Diabetes is a main health concerns on the reservation. Hundreds of tribal members are dealing with the disease, and many are focused on preventing diabetes. The Indian Health Service and the tribes are helping in the fight, with the Diabetes Program and Diabetes Prevention.
“We all believe in these programs,” said Montell Elliott, Prevention coordinator, who is also the interim Diabetes Program director.
“I had pre-diabetes, and I’ve been able to prevent it,” Montell was saying recently. Others on the staff have gone through the programs as well, and are now working to help others.
Some of the staff are lifestyle coaches, working one on one with the clients. Some people have been in the Prevention program for many years, and have avoided the disease.
Exercise is a big part of the solution, Montell says. A study has shown that exercise is more effective than medication in preventing diabetes.
Walking is the usual place to start with exercise. “We usually start out with 150 minutes of walking per week,” Montell says.
Montell is an Alaska Native—Haida Tlingit. She has been with the tribes for 23 years now.
The Joint Health Commission annual report looks at the leading causes of death on the reservation, year by year.
Diabetes remains a leading cause of death on the reservation. In the most recent year for which data is available (2014), the number of deaths from diabetes was estimated at close to 100. This number was the same as for accidents and cirrhosis.
The incidence of death from diabetes was trending downward in the recent years, from a high of more than 140 in 2009. In that year diabetes was the leading cause of death among tribal members on the reservation, according to the report.
“The majority of patients with diabetes died from related heart disease and kidney failure,” the report says. “This remains an area that needs emphasis for our local population.”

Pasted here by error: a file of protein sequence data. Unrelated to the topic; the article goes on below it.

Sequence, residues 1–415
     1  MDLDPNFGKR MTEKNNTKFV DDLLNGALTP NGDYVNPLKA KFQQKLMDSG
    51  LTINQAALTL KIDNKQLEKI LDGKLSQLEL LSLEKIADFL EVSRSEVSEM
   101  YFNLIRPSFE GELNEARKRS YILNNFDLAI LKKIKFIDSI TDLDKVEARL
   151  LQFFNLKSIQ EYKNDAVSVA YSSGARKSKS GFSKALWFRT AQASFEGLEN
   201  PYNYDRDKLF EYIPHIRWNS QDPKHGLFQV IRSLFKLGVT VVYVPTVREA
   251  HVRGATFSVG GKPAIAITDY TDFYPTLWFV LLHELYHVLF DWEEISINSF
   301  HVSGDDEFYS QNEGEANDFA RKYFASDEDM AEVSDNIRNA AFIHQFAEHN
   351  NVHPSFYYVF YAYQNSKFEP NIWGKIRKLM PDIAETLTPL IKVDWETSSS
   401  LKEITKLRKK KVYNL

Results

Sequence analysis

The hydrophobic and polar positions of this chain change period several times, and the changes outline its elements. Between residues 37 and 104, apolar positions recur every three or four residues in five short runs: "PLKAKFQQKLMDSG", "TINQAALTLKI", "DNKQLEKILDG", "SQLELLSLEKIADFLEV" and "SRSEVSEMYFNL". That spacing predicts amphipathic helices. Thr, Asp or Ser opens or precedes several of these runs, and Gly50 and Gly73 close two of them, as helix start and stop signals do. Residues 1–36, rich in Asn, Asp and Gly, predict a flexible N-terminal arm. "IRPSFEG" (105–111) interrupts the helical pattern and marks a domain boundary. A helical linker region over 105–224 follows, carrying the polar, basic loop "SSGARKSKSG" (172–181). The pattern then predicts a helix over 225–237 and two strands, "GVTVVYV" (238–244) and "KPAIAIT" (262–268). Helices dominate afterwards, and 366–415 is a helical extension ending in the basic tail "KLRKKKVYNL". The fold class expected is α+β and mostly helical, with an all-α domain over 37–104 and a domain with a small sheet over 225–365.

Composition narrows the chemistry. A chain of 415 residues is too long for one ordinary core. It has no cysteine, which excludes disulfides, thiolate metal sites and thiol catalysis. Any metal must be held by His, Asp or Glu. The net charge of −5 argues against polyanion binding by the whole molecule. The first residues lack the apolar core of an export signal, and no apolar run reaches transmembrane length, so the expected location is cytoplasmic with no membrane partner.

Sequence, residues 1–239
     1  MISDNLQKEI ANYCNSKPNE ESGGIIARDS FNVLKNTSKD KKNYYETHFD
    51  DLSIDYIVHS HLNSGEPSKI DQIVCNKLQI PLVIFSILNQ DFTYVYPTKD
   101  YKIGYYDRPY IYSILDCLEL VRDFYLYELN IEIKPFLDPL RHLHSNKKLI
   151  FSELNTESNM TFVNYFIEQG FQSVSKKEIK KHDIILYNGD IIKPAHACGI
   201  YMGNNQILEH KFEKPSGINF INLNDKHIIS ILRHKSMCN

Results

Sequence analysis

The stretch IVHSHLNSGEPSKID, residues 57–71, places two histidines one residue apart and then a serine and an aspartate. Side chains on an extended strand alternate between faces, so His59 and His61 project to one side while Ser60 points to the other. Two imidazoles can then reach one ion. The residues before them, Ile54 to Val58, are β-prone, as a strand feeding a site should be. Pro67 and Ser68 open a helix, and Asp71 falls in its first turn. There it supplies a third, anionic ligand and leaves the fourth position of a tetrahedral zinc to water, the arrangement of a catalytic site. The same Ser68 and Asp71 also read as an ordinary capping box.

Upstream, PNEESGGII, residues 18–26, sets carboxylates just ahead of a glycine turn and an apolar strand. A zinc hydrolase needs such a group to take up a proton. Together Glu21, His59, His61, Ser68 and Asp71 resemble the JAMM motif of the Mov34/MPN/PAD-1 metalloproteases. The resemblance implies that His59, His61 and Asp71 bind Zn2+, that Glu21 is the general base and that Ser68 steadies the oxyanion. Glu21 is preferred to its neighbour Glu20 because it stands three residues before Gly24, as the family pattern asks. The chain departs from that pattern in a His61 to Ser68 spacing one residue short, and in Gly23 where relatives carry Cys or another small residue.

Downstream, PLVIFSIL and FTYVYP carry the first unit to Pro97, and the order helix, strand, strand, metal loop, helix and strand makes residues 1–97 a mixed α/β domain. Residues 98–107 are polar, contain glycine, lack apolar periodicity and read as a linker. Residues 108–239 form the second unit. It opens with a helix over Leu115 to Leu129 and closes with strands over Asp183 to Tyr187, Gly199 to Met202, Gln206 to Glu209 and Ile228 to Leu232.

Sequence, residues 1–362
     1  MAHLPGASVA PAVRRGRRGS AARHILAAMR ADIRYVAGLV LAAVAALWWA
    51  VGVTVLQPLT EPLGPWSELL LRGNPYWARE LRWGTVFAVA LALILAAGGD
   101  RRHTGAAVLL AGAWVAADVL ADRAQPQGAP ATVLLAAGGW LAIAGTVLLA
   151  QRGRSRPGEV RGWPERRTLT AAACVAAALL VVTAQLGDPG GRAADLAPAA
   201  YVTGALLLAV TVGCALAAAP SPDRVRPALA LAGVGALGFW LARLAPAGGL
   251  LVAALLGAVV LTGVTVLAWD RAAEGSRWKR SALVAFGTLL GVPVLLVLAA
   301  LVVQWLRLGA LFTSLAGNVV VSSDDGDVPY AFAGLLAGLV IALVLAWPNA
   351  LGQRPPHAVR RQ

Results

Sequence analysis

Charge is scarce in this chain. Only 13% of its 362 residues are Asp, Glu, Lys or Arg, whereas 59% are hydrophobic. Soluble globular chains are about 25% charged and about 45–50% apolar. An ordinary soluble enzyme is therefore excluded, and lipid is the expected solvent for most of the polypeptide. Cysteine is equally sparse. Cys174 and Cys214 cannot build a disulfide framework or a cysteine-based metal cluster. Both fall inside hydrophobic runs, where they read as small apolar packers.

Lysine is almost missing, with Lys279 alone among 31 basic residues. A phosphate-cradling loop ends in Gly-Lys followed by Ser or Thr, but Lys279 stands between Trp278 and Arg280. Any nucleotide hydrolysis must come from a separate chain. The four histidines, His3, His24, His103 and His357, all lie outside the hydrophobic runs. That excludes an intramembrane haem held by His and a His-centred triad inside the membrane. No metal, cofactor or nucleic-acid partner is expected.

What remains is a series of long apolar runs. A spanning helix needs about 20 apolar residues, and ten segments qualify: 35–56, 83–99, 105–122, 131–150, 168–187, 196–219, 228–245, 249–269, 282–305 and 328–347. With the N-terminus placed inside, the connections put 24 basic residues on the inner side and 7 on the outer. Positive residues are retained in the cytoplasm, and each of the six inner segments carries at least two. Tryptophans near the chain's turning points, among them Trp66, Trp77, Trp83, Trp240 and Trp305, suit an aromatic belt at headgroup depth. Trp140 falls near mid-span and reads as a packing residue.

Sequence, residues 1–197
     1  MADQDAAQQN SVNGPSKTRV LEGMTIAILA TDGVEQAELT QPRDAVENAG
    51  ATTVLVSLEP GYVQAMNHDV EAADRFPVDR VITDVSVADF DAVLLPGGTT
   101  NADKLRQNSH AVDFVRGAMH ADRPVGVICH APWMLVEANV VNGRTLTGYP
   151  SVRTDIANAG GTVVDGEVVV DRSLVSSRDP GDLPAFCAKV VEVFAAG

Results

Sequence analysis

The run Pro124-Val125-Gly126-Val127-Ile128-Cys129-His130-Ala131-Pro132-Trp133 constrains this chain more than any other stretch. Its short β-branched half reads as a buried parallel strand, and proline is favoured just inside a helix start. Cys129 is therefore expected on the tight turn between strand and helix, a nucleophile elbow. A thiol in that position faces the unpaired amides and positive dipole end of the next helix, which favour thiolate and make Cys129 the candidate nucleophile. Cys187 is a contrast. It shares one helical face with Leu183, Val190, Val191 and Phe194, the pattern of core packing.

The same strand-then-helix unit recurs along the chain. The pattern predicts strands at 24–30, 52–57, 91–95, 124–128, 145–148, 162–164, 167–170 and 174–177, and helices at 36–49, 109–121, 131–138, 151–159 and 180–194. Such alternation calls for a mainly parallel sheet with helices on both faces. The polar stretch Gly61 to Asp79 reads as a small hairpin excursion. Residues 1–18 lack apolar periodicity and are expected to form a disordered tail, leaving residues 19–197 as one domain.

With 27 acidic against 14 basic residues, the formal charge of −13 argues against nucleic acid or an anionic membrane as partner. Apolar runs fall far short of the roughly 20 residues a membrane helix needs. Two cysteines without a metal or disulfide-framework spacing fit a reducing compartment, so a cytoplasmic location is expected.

The report says: “Diabetes can be combated through healthier diets, increased physical activity, and reducing the number of overweight and obese people in our community.”
Patients of the reservation who are identified with the chronic disease of diabetes increased from 600 in 2011 to 627 in the year 2014. Identifying people who have the disease, or who have pre-diabetes, is critical:
“Detection of diabetes and control of blood glucose levels are essential to managing the progression of the disease, and delaying or preventing the resulting damage to the health of the individual.”
And most importantly: “Monitoring this group of patients, counseling and educational efforts can have a great impact on the health status of the patient, and the future health care costs of caring for patients with diabetes.”
There has been an increased focus on diabetes treatment at the clinic, as documented in the Joint Health Commission annual report on the Diabetes Program services.
The report shows the number of total Diabetes Program patient visits increased dramatically from the years 2011 to 2014.
In the year 2011, there were a total of 3,963 Diabetes Program visits. This increased steadily over the following three years, to 7,337 visits in the year 2014.
The increase is due mainly to “clinician clinical visits,” which went from 1,931 in 2011 to 5,254 in the year 2014.
The Diabetes Program was fully staffed during 2014, the report says. The staff included the Program Coordinator, Nurse Practitioner, RN, Certified Diabetes Educator and Administrative Assistant.
There were major awareness events during the year as well, including the Diabetes Awareness Day Conference, the Heath Smart Dinner, Honor Seniors Day, the Pi-Ume-Sha Health Fair, Senior Center Diabetes Support Group dinners, the Youth Support Group, the Food Demo and Support Group, and the Culture Camp.